2013

3

Jul, 2013

HCV treatment in children and young adults with HIV/HCV co-infection in Europe

 

Authors: Turkova A, Thorne C, Galli L, Goetghebuer T, de Martino M, Oprea C, Ramos Amador JT, Giaquinto C; for the European Pregnancy and Paediatric HIV Cohort Collaboration in EuroCoord.

Published in: 7th International AIDS Society Conference (IAS 2013), Kuala Lumpur, 30th June – 3rd July 2013

3

Jul, 2013

Missed opportunities for prevention of hepatitis B infection in childbearing women with HIV in Ukraine

 

Authors: Thorne C, Bailey H, Semenenko I, Tereschenko R, Adeyanova I, Kulakovskaya E, Ostrovskaya L, Malyuta R

Published in: 7th International AIDS Society Conference (IAS 2013), Kuala Lumpur, 30th June – 3rd July 2013

18

Apr, 2013

Vaginal delivery as an option for HIV-infected women: decreasing late preterm delivery rates in a European cohort collaboration.

 

Authors: Aebi-Popp K, Mulcahy F, Glass T, Rudin C, Martinez de Tejada B, Bertisch B, Grawe C, Rickenbach M, Scheibner K, Hösli I and Thorne C  for the European Collaborative Study in EuroCoord and the Swiss Mother & Child HIV Cohort Study.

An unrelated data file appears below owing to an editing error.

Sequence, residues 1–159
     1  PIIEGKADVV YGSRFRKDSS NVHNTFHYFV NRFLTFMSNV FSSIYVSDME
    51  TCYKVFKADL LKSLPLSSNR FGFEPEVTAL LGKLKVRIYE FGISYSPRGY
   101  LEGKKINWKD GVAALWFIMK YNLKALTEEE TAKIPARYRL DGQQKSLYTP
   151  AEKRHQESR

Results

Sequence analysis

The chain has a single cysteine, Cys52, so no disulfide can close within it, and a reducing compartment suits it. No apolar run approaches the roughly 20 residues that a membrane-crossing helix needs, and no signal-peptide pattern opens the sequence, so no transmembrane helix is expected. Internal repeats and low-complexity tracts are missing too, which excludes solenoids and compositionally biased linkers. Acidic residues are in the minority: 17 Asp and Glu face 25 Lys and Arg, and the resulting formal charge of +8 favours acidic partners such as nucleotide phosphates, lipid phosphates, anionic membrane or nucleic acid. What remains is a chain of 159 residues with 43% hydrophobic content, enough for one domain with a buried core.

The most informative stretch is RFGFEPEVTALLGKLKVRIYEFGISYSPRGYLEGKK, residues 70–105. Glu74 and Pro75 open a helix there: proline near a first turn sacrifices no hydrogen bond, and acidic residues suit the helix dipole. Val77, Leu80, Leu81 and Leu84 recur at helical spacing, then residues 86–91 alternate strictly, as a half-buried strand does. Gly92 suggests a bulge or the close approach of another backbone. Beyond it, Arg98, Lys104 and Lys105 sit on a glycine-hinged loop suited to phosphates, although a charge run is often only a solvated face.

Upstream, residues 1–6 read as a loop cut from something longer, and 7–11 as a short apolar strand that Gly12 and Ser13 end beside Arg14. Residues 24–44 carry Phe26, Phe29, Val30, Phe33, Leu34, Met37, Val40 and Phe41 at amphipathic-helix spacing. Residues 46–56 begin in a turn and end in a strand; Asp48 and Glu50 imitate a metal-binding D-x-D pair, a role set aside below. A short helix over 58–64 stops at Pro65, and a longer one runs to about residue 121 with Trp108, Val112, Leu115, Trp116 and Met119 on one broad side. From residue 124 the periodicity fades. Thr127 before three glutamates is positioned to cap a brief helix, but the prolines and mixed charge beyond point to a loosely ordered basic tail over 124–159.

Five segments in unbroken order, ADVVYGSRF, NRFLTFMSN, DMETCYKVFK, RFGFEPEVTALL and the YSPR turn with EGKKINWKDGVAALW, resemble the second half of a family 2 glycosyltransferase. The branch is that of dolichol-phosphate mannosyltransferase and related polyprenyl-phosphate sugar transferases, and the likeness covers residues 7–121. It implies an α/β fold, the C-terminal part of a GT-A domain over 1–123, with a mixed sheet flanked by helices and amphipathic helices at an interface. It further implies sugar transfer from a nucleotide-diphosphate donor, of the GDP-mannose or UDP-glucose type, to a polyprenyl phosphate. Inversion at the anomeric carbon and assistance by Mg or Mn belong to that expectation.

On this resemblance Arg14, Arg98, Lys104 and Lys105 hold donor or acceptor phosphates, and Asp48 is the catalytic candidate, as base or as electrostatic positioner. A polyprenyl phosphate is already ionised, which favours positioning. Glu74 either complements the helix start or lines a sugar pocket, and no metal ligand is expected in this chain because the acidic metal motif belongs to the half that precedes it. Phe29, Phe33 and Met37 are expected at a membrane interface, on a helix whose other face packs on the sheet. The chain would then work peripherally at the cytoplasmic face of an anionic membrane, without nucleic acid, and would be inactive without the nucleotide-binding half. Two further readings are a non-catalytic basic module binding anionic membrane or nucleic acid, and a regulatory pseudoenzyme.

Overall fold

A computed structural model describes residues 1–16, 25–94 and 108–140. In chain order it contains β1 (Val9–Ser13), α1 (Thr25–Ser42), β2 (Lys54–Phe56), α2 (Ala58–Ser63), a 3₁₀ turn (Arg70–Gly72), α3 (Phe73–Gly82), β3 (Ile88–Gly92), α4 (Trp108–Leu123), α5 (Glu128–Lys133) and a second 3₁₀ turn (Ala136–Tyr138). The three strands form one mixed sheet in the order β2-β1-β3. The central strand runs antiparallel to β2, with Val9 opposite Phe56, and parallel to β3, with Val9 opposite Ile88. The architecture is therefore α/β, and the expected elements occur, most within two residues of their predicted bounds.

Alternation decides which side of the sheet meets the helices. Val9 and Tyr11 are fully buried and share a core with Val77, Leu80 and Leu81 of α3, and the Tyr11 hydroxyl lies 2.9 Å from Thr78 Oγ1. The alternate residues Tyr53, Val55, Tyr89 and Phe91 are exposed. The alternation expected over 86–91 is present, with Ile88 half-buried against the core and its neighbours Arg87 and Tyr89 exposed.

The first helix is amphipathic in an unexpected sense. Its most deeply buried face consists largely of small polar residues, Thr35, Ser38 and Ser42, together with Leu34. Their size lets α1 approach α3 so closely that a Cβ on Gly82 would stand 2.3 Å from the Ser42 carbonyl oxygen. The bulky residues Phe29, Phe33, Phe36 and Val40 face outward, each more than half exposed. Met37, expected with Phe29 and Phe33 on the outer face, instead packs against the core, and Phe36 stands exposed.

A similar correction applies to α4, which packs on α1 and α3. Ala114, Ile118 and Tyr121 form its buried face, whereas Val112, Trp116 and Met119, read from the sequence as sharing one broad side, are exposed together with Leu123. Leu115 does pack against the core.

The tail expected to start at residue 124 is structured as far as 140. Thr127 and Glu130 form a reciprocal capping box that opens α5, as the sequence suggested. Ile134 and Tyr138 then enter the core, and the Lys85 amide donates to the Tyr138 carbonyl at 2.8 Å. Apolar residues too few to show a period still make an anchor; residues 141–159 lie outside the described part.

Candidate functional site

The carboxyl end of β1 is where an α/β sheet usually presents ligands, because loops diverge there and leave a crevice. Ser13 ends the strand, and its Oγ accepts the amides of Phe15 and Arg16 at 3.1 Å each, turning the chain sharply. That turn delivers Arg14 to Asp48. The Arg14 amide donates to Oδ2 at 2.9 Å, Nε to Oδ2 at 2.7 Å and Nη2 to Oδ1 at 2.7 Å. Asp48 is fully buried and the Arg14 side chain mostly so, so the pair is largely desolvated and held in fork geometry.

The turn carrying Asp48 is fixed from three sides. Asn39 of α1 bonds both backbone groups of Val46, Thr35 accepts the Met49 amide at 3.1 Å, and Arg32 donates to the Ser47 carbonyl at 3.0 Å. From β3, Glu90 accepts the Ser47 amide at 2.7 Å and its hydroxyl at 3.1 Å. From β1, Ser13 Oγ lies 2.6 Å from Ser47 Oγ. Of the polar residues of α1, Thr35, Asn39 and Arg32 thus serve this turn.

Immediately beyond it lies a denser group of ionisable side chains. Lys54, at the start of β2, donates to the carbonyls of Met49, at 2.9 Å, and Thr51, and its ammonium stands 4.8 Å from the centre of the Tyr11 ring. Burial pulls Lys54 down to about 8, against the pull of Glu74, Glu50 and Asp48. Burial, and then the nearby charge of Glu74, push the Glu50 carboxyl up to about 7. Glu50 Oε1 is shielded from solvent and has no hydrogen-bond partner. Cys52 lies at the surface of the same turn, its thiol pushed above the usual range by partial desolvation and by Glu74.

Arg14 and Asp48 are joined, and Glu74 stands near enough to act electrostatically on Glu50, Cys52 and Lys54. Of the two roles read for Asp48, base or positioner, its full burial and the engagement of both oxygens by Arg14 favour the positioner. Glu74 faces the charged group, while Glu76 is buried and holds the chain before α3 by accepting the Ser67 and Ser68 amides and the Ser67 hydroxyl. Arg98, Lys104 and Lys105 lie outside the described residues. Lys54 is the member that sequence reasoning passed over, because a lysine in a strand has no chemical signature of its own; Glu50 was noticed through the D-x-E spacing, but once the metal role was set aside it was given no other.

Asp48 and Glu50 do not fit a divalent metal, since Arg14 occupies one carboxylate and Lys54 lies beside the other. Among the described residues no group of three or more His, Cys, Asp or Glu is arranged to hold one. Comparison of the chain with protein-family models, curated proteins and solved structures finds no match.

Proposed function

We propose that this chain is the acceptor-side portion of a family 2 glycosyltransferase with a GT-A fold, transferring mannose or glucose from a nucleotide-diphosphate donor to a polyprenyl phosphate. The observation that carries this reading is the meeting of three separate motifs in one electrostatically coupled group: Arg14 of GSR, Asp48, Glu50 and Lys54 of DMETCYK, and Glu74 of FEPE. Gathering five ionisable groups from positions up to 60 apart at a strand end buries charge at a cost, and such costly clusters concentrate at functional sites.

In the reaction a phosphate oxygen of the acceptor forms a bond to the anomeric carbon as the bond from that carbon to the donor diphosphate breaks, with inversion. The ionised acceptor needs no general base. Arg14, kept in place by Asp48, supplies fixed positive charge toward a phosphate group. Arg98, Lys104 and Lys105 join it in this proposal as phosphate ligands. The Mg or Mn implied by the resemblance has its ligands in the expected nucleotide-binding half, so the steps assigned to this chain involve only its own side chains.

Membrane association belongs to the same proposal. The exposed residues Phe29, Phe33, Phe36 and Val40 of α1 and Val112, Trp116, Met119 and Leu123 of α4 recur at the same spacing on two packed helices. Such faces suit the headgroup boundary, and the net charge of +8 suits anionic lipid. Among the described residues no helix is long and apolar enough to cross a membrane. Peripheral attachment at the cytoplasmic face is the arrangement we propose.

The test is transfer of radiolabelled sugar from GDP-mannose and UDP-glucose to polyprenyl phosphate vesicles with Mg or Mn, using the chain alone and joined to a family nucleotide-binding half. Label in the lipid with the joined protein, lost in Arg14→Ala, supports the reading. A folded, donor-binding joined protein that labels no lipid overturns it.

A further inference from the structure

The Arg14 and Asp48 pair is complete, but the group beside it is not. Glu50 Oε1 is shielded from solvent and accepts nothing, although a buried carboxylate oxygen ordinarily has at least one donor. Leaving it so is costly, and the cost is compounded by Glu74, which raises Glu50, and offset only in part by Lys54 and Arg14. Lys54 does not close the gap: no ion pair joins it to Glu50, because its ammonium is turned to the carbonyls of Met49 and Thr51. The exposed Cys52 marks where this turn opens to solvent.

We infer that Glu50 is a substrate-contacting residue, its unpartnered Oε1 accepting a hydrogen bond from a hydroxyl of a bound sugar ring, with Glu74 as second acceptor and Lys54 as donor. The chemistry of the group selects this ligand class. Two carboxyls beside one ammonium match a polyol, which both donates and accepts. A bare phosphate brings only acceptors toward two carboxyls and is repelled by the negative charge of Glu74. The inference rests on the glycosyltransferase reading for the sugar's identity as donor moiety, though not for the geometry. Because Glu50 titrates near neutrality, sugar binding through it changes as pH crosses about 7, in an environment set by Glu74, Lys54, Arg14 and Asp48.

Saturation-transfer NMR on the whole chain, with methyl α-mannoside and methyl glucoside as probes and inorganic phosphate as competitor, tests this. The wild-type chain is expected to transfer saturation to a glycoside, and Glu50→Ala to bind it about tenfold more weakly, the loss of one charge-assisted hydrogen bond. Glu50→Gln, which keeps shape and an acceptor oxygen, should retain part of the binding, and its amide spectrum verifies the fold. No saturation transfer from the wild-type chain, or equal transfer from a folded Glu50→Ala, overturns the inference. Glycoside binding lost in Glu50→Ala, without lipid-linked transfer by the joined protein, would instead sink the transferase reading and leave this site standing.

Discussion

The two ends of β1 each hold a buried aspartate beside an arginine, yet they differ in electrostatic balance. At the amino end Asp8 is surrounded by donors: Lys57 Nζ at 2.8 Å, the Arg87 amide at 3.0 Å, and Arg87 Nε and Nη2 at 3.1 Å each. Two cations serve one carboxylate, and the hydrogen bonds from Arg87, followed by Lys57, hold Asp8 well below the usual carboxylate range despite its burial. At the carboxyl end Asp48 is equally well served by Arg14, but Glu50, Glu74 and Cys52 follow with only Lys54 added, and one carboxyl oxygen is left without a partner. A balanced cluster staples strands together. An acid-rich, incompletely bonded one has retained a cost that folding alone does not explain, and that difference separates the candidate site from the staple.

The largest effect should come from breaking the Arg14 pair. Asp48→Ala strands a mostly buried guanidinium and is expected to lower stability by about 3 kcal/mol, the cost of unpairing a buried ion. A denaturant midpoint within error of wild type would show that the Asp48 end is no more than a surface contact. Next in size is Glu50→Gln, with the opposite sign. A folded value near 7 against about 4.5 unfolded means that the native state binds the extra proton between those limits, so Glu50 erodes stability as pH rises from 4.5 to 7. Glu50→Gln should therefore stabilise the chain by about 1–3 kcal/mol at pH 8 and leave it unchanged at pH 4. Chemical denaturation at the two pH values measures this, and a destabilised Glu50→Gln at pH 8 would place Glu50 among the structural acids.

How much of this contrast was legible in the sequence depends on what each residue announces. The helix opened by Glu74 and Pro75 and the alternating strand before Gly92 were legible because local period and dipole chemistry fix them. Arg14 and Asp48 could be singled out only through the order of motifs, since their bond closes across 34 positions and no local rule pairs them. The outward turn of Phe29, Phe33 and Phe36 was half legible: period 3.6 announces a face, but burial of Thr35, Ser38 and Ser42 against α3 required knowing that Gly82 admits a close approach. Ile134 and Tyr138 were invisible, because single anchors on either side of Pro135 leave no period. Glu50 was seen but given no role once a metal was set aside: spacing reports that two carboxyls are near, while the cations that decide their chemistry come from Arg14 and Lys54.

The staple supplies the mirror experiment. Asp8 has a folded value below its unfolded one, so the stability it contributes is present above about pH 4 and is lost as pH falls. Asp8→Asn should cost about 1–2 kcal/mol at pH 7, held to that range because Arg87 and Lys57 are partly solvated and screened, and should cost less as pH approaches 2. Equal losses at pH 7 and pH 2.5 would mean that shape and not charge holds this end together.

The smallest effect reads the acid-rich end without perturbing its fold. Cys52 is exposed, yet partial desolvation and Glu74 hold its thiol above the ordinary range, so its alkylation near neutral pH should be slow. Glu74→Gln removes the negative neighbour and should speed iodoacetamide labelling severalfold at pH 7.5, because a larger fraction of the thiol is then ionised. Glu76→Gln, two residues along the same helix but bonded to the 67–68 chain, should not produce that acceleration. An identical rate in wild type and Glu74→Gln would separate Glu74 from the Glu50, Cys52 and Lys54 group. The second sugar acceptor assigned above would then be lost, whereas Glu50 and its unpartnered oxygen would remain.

Published in: 5th International HIV Pediatrics Workshop, Kuala Lumpur, 28-29 June 2013.

 

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18

Apr, 2013

Missed opportunities among HIV-positive women to control viral replication during pregnancy and to have a vaginal delivery

 

Authors: Aebi-Popp K, Mulcahy F, Glass TR, et al.; for the European Collaborative Study in EuroCoord and the Swiss Mother & Child HIV Cohort Study.

Published in: J Acquir Immune Defic Syndr. 2013;64(1):58-65

Introduction Most national guidelines for the prevention of mother-to-child transmission of HIV in Europe updated between 2001 and 2010 recommend vaginal deliveries for women with undetectable or very low viral load (VL). Our aim was to explore the impact of these new guidelines on the rates of vaginal deliveries among HIV-positive women in Europe.